Friday, May 23, 2014

The Only Boy by Jordan Locke

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Goodreads Summary

Mary is stuck in Section One, living with three hundred women in a crumbling hospital. She wonders what life was like two centuries ago, before the Cleansing wiped out all the men. But the rules—the Matriarch's senseless rules—prevent her from exploring the vacant city to find out.

Taylor's got a dangerous secret: he's a boy. His compound's been destroyed, and he's been relocated to Section One. Living under the Matriarch means giving up possessions, eating canned food and avoiding all physical contact. Baggy clothes hide his flat chest and skinny legs, but if anyone discovers what lies beneath, he'll be exiled. Maybe even executed.

Mary's never seen a boy—the Matriarch cut the pictures of men from the textbooks—and she doesn't suspect Taylor's secret. If she knew, she might understand the need to stop the girls from teasing him. If she knew, she might realize why she breaks the rules, just to be near him. Then again, she might be frightened to death of him.

Taylor should go. The Matriarch is watching his every move. But running means leaving Mary—and braving the land beyond the compound's boundaries.


I'm a little bit conflicted here. On one hand, I wanted to put this book down a few times. I started reading it in April, but kept putting it off. I personally write in short scenes that alternate between POVs... I want to stop that now. In theory, I love it. But reading it was kind of annoying. The scenes were too short, just like the ones I write... There's a reason I keep rewriting. Long chapters are not something I can just dish out. I have yet to accomplish one. I understand that it's difficult when you're trying to write something great.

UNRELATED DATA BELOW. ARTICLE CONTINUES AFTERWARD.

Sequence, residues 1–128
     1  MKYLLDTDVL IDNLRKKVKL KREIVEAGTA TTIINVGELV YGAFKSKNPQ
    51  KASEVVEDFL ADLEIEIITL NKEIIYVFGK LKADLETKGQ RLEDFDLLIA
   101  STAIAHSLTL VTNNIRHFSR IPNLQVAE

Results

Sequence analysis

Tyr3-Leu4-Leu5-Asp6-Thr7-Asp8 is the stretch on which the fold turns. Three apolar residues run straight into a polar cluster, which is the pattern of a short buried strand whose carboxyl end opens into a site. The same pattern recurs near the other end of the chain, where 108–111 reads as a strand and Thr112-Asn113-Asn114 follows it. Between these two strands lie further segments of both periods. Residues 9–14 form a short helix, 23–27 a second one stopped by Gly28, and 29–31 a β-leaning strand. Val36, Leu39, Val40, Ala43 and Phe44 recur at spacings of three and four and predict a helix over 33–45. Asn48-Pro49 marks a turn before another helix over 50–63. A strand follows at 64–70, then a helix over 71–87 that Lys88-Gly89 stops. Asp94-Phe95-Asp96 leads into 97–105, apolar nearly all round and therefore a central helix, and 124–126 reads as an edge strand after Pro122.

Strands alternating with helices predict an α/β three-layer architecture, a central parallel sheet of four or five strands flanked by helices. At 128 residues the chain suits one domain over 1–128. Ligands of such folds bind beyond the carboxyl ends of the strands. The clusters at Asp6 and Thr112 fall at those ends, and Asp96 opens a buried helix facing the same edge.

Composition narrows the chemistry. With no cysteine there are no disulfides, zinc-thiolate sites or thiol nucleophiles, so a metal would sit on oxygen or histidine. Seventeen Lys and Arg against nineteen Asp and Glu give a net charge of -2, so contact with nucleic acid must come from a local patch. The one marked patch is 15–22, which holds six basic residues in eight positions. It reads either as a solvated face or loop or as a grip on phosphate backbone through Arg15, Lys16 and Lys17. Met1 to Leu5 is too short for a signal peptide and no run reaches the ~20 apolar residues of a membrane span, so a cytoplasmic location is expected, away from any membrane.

I felt like this book was trying a little too hard. Oh, I feel mean for saying it, but that's how I feel. If it hadn't tried so hard, I might have gotten into it sooner. I might have enjoyed it more. That's not to say I didn't enjoy it... towards the end. I spent most of the book wondering why I was reading it. There was drama and action, but a lot of repetition. Some plot twists could have been presented better. I did like the background, though. I'm a huge fan of backstories and such. So getting a glimpse into the world before the "Cleansing" was really cool. And getting a glimpse of the Matriarch was kind of worth it.

To understand how badly I didn't connect: the epilogue did not phase me. Okay, there was one part. I was just a tiny bit worried. But I recognized the trick right away. It's something I would have done myself. I liked it, but I didn't get the element of surprise I should have.

I don't really have much else to say about this. That's how much I didn't care for this book, sadly. The characters weren't bad, the plot wasn't bad... But it could have been better.

I've read a few books where women rule the world, quite literally. Across the Wire (parallel universe), The Risen Empire (Scott Westerfeld, almost a race of women), and I think another one, but I can't remember it at the moment. And I find it funny that men are accused of making such a terrible world. But somehow a world of women is always much worse. Weird observation. Feel free to disagree. But I'm not the ones writing these books.

Rating: 3 stars

Recommendation: for those who want to know what a world with very few males would be like. It is interesting.


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